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Discover Sarah Horton’s Change of Career Journey

By: Sarah Horton

Working in a job that did not seem to have any progression for her, Sarah Horton – Adult Learner studying BSc Community and Public Service Management at City College Plymouth – decided to see what higher education options were on offer locally. Browsing the course options, her interest was sparked, and she took the opportunity to enroll. Discover Sarah’s light-bulb moment, how she went back to college while juggling family life and how she tried more than one course, in this honest blog post…

What were you doing before you became an Adult Learner?

Before taking up my higher education course, I was stuck in a job that I had disliked for some time as a medical secretary. For me, there was nothing rewarding about the job, and it was not a particularly social role as I was stuck under headphones most of the time.

What course did you decide to study and why?

I decided I wanted a total change of career. In the past, I was very much into running and swimming in my early 40s (although I was frequently getting injured)  and I found myself enrolling in the Sports Therapy Foundation Course.

While studying the course, my results were good and I was getting high grades but, after some time, I knew that sports therapy was not for me. In my view, you need to have a bit of an engineering kind of mind to know which parts of the body attach to others and I knew then that it really wasn’t the course for me.

The following September, I looked into the Public Services course at City College Plymouth where I found the subjects being taught such as democracy, crime, and the legal justice system really floated my boat. I was always good at humanities at school and already had studied economics and philosophy with the Open University. I knew I would enjoy social science much more – and I have.

How have you managed being a student with family life?

Regarding managing my study time and family life, juggling work, parenting and college was not too much of a problem. My employers were really good at reducing my hours and allowing me to work around the course. For the third year of my course, I stopped working so I could totally concentrate on my studies. My son was also at college undertaking a BTEC so parenting whilst studying fortunately was not a problem.

Did you have any concerns about returning to study?

I must admit I did have concerns about returning to study and being surrounded by people so much younger. Indeed, it was a little daunting being surrounded by 18 and 19 year olds, but I was shocked at how welcoming and approachable they were. I have really enjoyed working with them and find their views on the world very refreshing.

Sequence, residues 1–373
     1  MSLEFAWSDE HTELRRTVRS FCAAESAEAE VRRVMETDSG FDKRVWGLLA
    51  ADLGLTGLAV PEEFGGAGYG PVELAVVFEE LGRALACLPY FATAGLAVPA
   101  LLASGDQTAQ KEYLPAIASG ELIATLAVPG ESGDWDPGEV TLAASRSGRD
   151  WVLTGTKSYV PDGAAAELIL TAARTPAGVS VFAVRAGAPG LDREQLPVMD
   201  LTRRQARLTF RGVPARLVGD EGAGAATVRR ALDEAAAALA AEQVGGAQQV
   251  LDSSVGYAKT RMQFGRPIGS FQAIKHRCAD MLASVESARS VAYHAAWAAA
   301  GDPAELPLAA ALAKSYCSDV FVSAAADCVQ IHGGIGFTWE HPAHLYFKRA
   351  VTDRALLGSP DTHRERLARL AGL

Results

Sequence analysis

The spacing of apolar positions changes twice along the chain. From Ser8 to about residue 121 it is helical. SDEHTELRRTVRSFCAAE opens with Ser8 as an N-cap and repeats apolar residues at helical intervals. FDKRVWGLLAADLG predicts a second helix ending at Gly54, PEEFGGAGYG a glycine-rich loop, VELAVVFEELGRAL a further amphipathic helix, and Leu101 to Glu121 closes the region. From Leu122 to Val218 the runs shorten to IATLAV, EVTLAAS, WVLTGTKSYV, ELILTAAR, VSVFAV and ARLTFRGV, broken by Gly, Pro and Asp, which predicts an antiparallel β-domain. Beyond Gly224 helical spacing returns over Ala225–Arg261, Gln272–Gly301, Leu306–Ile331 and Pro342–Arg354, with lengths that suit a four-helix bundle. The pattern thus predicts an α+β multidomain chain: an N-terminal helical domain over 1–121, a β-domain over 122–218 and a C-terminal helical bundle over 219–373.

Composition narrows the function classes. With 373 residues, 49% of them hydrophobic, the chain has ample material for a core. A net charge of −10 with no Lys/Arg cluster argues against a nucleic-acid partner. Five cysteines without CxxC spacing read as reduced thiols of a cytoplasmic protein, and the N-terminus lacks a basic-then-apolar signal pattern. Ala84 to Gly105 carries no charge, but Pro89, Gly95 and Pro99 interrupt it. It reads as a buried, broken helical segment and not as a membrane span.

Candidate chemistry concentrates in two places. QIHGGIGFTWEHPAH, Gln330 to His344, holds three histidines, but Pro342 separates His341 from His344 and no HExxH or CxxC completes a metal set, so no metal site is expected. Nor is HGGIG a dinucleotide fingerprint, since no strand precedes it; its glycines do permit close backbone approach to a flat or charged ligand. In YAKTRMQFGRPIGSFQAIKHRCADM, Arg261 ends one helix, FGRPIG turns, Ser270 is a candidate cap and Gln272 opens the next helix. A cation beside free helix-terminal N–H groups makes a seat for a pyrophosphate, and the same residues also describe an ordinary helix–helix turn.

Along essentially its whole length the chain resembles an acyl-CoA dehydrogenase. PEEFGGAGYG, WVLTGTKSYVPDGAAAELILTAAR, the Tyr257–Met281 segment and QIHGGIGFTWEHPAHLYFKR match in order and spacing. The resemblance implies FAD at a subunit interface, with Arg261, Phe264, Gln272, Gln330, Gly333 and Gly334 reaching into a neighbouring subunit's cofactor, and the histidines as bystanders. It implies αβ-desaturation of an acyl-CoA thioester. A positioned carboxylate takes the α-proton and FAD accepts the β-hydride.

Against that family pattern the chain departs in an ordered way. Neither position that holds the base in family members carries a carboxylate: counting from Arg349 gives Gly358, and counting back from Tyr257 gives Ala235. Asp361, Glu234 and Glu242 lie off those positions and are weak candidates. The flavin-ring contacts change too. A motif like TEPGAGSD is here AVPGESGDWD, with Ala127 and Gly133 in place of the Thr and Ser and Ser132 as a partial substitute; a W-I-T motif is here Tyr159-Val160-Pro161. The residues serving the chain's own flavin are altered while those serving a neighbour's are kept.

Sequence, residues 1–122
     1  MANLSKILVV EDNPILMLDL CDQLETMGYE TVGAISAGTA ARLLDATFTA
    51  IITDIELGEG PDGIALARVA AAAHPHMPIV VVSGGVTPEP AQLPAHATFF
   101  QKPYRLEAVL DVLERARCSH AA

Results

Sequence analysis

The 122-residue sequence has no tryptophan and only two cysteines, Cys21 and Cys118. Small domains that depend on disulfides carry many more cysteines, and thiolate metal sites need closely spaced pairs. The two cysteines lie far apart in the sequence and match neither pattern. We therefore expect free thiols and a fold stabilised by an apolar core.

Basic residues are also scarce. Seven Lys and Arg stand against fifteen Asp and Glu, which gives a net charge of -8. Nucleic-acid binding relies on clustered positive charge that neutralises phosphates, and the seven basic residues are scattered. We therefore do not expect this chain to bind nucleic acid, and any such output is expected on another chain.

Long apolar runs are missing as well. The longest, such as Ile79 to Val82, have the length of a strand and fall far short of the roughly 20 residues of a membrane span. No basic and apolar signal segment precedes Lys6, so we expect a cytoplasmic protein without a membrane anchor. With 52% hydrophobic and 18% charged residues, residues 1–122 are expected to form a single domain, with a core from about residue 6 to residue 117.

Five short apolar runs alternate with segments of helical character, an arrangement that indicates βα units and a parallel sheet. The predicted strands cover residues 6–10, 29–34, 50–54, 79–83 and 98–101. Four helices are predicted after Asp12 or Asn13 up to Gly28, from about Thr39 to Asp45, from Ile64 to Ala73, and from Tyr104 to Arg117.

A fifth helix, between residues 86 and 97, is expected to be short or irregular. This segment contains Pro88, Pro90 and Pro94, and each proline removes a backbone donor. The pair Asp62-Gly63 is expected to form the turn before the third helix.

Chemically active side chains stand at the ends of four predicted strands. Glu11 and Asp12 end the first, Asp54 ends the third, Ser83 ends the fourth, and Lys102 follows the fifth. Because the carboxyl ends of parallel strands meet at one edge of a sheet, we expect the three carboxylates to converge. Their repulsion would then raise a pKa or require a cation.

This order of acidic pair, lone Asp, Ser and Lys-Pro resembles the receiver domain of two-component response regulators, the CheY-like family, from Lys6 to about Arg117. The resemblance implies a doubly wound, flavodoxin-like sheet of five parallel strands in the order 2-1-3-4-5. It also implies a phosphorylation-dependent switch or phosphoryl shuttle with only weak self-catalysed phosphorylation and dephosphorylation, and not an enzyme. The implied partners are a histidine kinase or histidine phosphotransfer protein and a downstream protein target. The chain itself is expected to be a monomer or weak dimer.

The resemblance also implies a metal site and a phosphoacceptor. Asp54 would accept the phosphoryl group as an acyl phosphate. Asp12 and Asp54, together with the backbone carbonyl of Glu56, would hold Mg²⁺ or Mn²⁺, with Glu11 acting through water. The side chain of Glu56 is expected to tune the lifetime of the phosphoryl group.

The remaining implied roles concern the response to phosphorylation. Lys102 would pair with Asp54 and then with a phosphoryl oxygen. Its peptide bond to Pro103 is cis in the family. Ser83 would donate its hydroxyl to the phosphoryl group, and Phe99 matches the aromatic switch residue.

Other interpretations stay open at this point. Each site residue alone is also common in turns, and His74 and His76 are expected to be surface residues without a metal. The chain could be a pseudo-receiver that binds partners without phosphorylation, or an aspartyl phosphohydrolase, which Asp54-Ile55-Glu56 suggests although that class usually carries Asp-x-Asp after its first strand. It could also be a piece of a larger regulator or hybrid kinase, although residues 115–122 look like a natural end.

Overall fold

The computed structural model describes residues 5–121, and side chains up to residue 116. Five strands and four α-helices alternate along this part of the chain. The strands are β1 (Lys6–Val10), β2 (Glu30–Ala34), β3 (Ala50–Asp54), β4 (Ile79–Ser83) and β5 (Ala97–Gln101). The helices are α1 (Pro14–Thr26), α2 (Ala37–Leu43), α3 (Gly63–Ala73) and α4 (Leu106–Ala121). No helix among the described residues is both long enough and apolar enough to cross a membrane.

How have you found student life and accessing things like support or student finance?

I have formed some strong bonds with my group, better than I ever could have imagined. More recently, in the final year, less students were in class regularly despite the Covid restrictions no longer in place. However, our little cohort works well together and, as an entire group, we are incredibly supportive and a little competitive even!

I have not had any problems accessing the college and I am aware of who to see should I encounter any issues but luckily, I have not had to. Likewise obtaining student finance has not been a problem and all payments have been made on time.

How has studying higher education made you feel?

This degree is for me and me only.  It is something I need for my confidence and self-esteem. I had never really believed I was good enough to “get a proper job” throughout my life. I had not bothered with further education when I left school as it was easy to walk into jobs back then but, returning to the lightbulb moment, I knew something had to change in my life. My son had grown up, the mortgage was all paid for and so now it was ‘me’ time.  The course was really enjoyable, and the tutors were amazing both in their teaching and support. I have had down moments and the assignments can mean you have to make changes to your social life, but it is so worth it.  I would have no hesitation whatsoever in encouraging people to get involved with HE, it has been good fun and, more importantly, it has shown me what I am capable of.

How have you found lectures and assignments?

Sometimes during lectures we were set tasks in smaller groups. This was not always easy as some students are shyer than others and some may look to me as being older to lead. However, often we bounced ideas off each other and discussed them.

Being older I was also able to discuss things in my childhood like the threat of nuclear war which can be related to current times and discuss things that have changed during my lifetime with changes in policy regarding sexism, racism, and equality in general.

How have you stayed motivated throughout your studies?

Being motivated has not been that much of a problem as I find most of the topics very interesting. There have been days where I would rather be reading a novel or watching Netflix than doing assignments, but once I get into it, I find it interesting and learn so much. It’s motivating when the work has paid off and I have achieved better marks than I was expecting.

I think being older the course means more to me than if I was 18 or 19 and studying. From my experience of jobs where I had no progression, I knew that I wanted to change and to change my perception of myself.


Inspired to take up your own student journey or want more information on becoming an adult learner? Sign up to the NSSW Adult Learner newsletter for information and resources straight to your inbox.

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